I sat on the couch with a book after dinner and read until I had finished it, something I hadn't done in long enough that I was starting to fear I was no longer a reader. The book was Leaving the Atocha Station by Ben Lerner, the perfect novel for this moment of my existence since it's about a literary type who either suspects himself or is in fact a fraud. It's the opposite of Catcher in the Rye: Holden is self-important and desperate to expose everyone around him as a phony; Adam Gordon (Lerner's protagonist, who, like Lerner, is a poet from Topeka spending a year abroad on fellowship) is constantly exposing himself as a phony, to us the readers if not his companions, toward whom he projects a carefully constructed persona, a man of few words because his thoughts are too complex to be expressed in a second language.
I loved reading this book, which is full of ideas about the self (the self!), about identity and worth, and funny enough that I was snickering like a jerk at nearly every page. Lerner is better known as a poet, but he's very at home in prose, and this is one of the few novels I've read that depicts the plight of the poet accurately, that precipice between potential and absurdity. (See Lucinella for another.) Because Leaving the Atocha Station takes place entirely in Madrid and its environs, where Adam is forced to speak less-than-fluent Spanish on a daily basis, usually while drunk and high, there is almost always a lovely doubling happening; Adam interprets most statements he hears as ambiguous and, rather than revealing his ignorance by asking for clarification, entertains all these options as possible simultaneously, so the world outside the space he immediately occupies hangs in quantum suspension. Too, language (and in parallel, experience itself) is always being interrogated, meta-analyzed: is it real? is it a mistranslation or misinterpretation? is it poetic pretension? is it cliche? is it the drugs talking?
Here's an example; in this scene, late in the novel, Adam is at a party with his friend, translator and would-be lover Teresa; his constructed reality is crumbling, and he has decided, uncharacteristically, to reveal self-doubt:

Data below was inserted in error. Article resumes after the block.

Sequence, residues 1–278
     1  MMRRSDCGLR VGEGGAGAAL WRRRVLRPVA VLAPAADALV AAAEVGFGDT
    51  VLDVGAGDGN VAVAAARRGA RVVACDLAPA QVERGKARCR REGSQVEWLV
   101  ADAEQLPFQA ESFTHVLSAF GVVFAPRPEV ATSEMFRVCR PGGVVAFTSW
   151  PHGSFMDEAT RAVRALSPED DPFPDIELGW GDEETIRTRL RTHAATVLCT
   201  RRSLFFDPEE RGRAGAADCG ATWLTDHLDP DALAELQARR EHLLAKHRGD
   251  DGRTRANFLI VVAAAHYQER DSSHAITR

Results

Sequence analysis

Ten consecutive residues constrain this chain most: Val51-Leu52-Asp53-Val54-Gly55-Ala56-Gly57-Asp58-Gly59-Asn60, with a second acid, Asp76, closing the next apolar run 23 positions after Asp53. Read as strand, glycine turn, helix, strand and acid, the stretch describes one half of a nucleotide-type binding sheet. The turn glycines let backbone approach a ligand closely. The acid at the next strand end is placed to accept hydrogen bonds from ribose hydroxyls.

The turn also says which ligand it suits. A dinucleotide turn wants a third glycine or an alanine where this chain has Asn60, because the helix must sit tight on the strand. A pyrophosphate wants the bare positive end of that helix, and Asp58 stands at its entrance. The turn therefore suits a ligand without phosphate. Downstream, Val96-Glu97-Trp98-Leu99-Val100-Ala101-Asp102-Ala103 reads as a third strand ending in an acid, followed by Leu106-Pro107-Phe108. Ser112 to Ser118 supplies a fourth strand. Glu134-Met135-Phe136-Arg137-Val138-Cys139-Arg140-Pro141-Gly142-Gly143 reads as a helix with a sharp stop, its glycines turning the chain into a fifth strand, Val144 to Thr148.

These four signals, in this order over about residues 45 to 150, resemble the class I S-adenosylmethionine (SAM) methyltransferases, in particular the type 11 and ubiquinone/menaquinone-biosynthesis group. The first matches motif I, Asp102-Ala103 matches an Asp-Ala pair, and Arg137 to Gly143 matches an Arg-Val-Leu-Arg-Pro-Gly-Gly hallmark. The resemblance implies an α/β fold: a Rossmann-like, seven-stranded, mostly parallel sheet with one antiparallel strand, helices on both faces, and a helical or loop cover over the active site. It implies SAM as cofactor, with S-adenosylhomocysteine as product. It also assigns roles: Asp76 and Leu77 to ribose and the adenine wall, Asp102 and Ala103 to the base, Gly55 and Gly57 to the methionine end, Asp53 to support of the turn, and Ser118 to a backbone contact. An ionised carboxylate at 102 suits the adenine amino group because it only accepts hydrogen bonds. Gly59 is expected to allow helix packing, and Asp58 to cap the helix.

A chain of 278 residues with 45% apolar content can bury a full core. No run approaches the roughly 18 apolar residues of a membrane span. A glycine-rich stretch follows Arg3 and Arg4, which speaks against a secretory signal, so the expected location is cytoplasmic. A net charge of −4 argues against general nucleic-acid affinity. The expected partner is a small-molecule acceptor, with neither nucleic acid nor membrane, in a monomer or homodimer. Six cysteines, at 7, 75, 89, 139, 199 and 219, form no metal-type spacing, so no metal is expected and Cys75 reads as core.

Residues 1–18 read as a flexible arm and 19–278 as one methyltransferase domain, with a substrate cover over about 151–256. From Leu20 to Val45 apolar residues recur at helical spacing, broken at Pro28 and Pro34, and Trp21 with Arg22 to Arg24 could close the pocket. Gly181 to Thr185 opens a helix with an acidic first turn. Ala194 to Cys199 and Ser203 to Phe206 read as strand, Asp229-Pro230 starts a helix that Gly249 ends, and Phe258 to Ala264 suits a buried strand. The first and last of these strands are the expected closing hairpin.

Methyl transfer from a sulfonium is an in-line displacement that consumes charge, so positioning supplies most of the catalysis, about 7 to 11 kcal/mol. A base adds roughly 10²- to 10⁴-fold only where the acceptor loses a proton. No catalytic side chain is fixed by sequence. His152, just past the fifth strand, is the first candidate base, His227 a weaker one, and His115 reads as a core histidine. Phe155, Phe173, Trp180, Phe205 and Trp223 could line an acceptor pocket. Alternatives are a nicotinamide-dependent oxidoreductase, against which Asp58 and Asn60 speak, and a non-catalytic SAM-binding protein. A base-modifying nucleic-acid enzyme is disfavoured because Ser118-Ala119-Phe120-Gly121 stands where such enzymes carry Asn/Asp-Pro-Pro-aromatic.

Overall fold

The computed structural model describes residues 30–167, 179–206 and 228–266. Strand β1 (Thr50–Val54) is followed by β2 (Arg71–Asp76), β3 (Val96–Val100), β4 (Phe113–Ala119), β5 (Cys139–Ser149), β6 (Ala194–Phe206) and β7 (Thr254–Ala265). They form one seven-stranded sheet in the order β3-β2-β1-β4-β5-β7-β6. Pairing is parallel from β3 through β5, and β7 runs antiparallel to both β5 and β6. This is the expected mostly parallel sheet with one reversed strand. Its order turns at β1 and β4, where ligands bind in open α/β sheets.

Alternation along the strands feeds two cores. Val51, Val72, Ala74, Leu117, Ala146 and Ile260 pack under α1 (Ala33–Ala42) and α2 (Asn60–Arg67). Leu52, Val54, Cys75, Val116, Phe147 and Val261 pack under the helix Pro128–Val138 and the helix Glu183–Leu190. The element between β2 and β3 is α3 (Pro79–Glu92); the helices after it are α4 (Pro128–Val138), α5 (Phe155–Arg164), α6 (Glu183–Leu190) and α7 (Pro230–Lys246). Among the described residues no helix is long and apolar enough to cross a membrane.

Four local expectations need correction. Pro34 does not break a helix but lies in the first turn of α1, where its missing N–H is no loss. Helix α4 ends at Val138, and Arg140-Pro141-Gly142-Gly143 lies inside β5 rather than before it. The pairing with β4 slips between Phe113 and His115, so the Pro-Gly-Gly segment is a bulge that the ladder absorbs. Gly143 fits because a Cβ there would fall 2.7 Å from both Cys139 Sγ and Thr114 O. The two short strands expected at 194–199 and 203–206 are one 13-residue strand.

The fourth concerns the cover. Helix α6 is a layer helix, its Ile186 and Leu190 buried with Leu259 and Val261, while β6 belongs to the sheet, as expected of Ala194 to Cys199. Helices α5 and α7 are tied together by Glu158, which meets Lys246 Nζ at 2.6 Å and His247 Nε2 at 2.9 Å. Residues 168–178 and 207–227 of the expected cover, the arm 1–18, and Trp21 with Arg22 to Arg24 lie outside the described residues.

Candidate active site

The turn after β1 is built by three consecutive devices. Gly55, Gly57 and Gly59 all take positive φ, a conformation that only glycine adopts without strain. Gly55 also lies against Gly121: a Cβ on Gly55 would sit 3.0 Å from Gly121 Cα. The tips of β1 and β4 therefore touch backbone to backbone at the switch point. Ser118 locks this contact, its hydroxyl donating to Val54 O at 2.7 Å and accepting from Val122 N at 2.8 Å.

"You are the most graceful and protean person I know. The way you handed me the coffee right when I awoke or the way just now you took the tequila from me or, " I paused to think of an example not involving drinks, "the way you can move without apparent transition from your stylish apartment to a protest."
"Why do you keep speaking to me in English?" she asked, with something like concern.
I ignored the question and went on. "But I'm worried you're too cool for me, that you'll realize I'm in fact a fraud. An inelegant fraud. I won't be able to fool you and you'll get bored." As I said this, I thought it would be impossible to hide my pills from her. I had a sudden, involuntary memory of the Ritz.
"All you're describing," she said in Spanish, "is the personality of a translator. From apartment to protest, from English to Spanish." If she had spoken in English, I would have found it a little grand; in Spanish I experienced it as profound. I wondered if she'd weighed the sentence in both languages before selecting the one that would produce the desired effect.
Teresa started to remove her clothes and for a second I thought she had lost her mind. But she had a swimsuit on underneath, and she left her clothes in a little pile and slipped noiselessly into the heated, lighted pool, as if to punctuate the ease with which she could move between media.I like how Lerner does exactly what you're not supposed to do there, explaining the symbolism of the image. It's more true to his protagonist, to articulate the meaning to himself and bask for a moment in its resonance, the last refuge of the lonely poet. It's also, paradoxically, less arrogant: creating an opportunity for the reader to recognize a symbol belies a kind of projected satisfaction. By making it explicit, Lerner removes the possibility of any readers being left out of the joke.
My only real reservation was about the ending, which was too redeeming and feel-good to be truly satisfying, as if to imply that after embodying failure for 175 pages, Adam (and presumably, a younger Lerner) could emerge fully formed and suddenly at ease with himself. I also disliked his tic-like use of the phrase "a wave of X washed over me," which was usually euphoria and usually small; though the book has many intentional repetitions, this one lacked resonance or meaningful intention. Still, a wonderful first novel and handy guidebook for the fragile ego of the overachiever.